The amazing barred owl

Barred owl sightings seem to be on the rise in our area. One of the reasons may be that more people have become interested in looking for, observing and photographing owls.
The barred owl is a nocturnal hunter, but this doesn’t mean you never see them resting during the day or catch them out and about at dawn and dusk. It’s possible to find them on the Lac Le Jeune Road as they emerge from the dark swampy forests and near the Kamloops airport from time to time. The barred owl’s prey is primarily mice, voles and small birds. Like other raptors, it likes to use fence posts to hunt from.
Barred owls are equipped with amazing senses to get around and survive in the darkness such as excellent hearing, night vision and silent flight. These owls’ eyes are very large and if you were to compare them to the size of a human object, they’d likely be the size of a baseball or even slightly larger. The owls eyes contain rods, just like our eyes do, that help them see in the dark. Rods help make up the eyes’ retina. Experts say that the barred owl has 1,000,000 rods per square millimetre and humans have only 200,000 per square millimetre.
You may have heard that owls can turn their heads all the way around and while watching them in the wild, you may think this is true. The owl does have the ability to turn its head much further than we can, but it cannot do a complete turn. A creature’s ability to turn its head has to do with the number of neck vertebrae it has. The barred owl has 14 neck vertebrae and humans have seven. An interesting side note to this is that giraffes also have seven vertebrae.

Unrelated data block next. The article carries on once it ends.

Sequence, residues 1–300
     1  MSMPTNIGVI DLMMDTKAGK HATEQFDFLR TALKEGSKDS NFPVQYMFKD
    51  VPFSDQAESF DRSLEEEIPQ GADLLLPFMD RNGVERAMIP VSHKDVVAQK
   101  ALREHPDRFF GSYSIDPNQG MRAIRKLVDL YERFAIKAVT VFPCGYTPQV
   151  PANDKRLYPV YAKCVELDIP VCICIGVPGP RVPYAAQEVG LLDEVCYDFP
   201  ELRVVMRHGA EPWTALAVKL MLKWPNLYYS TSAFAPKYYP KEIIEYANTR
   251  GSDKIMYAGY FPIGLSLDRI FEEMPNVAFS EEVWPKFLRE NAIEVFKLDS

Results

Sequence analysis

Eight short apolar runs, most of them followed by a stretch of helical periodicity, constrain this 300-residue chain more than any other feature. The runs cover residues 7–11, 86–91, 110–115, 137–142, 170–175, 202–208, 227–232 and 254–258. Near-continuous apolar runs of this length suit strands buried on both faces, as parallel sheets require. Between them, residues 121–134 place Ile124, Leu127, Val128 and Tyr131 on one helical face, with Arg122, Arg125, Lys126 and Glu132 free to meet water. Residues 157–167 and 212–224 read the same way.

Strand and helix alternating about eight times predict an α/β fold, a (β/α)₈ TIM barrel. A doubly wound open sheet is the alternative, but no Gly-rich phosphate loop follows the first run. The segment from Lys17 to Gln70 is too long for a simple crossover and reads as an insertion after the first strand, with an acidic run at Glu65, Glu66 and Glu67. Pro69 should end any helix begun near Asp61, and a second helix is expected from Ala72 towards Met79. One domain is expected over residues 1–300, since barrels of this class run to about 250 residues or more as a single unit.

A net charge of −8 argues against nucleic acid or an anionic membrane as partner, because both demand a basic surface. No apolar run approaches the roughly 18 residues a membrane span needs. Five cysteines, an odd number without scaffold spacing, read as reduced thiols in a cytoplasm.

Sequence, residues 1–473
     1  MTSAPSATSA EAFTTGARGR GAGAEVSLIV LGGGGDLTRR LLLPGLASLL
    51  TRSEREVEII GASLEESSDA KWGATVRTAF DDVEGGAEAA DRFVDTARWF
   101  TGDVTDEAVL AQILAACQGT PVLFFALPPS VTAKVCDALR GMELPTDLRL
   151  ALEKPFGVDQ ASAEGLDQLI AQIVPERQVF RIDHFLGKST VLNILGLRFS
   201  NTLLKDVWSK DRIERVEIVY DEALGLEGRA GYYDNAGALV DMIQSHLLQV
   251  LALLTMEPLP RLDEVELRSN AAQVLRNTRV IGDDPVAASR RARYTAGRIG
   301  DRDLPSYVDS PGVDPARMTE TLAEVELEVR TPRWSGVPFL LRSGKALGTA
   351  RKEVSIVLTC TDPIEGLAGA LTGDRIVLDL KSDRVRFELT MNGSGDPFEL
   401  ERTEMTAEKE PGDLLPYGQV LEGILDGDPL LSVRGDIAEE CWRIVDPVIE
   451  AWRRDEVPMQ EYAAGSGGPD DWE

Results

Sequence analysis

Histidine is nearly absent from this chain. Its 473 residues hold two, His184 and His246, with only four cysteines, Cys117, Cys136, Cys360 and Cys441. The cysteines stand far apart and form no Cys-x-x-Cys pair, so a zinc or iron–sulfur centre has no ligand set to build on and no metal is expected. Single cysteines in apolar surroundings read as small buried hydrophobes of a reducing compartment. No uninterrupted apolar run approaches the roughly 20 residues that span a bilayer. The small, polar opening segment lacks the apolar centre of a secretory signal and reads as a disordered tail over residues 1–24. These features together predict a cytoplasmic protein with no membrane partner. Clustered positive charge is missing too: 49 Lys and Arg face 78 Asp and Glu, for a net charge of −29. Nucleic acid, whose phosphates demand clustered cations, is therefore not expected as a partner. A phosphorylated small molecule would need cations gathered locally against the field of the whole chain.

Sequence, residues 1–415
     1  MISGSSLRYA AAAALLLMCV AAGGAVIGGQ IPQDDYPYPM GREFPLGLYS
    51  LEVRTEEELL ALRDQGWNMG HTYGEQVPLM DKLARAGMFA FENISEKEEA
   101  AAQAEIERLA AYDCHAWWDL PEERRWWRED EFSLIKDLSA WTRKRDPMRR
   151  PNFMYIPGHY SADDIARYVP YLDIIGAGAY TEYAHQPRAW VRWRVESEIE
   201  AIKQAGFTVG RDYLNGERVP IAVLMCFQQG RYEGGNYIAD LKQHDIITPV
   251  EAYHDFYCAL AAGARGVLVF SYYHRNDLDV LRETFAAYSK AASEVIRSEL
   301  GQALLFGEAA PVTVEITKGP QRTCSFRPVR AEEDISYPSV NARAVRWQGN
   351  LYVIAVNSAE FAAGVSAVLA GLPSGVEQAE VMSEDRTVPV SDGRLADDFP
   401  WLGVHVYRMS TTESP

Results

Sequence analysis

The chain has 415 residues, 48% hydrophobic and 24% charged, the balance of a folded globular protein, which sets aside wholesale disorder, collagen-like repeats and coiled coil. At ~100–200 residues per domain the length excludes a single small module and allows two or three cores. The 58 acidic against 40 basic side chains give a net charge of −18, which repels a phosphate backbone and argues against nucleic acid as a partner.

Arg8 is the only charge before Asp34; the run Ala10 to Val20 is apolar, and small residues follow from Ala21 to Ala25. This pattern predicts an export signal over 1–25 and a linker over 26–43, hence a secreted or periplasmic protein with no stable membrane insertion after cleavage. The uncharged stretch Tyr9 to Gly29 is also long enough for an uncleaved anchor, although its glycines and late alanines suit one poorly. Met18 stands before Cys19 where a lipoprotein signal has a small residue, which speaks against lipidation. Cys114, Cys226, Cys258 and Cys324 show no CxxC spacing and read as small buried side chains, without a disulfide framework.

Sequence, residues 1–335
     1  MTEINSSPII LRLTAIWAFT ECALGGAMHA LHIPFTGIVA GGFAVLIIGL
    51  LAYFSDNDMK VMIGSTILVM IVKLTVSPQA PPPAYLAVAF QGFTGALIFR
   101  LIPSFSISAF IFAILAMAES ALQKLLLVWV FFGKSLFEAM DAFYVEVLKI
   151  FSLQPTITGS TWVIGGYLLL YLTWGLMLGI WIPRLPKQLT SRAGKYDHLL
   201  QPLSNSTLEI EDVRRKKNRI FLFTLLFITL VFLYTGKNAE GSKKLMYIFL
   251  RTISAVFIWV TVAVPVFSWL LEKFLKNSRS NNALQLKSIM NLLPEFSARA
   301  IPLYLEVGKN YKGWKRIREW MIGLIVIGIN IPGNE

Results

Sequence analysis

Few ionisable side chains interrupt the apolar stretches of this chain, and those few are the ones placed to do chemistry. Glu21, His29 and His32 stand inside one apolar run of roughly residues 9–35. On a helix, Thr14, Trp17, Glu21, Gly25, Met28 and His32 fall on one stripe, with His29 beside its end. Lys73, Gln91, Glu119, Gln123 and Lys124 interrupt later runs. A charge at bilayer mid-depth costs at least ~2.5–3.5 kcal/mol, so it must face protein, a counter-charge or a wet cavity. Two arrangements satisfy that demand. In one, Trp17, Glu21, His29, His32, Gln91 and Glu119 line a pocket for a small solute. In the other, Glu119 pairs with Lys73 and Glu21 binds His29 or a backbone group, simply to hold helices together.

So why does the barred owl have so many vertebrae? Well, if we look at the owls’ eyes once again, we will see that they’re fixed in place and unable to move in their sockets. To get an idea of what this might be like, take a minute and look straight ahead of you and try not to move your eyes as you walk around. Pretty cool huh?
The barred owl is an expert silent flight hunter. The edges of its wings are serrated to reduce wind noise and when combined with the soft and lightweight texture of its feathers, it can sneak up on its prey with no trouble at all. The owl seen in this photo is pretty large, but amazingly it probably weighs just over one pound.
When out photographing owls, allow them the space they require to continue their hunting routine. Your photographs will be much more interesting if you can manage to snap a photo or two with a mouse in the owl’s beak, or an in flight action shot! Pressuring the owls for that close-up will only leave you disappointed as you watch your subject fly off.
About Peter Sulzle

Peter has been contributing to SPIN since 2009. His unique wildlife images have been used by many conservation organizations in North America.

http://www.petersulzle.com

  • http://twitter.com/FrameToFrameBJ Bob + Jean Hilscher

    Hi there.  It would seem that like your world, Barred Owls are doing well in North America. This past Sunday, my wife, Jean, and I came upon a Barred Owl up here in Markham,
    Ontario.  This was the second time in six weeks that we
    have come upon, and filmed, an owl out in the wilds.  The first was a Saw-Whet Owl.  Prior to these two sightings, we had never
    seen an owl in its natural habitat.  Needless
    to say, it has been an exciting six weeks. 
    Our pictures and video of the Barred Owl sighting are posted on our blog
    at: http://frametoframe.ca/photo-essay-barred-owl-sighting-markham-ontario/

  • Peter Sulzle

    Thank you for sharing your amazing Barred owl blog post with us here at SPIN. Best of luck to you locating owls during your future adventures!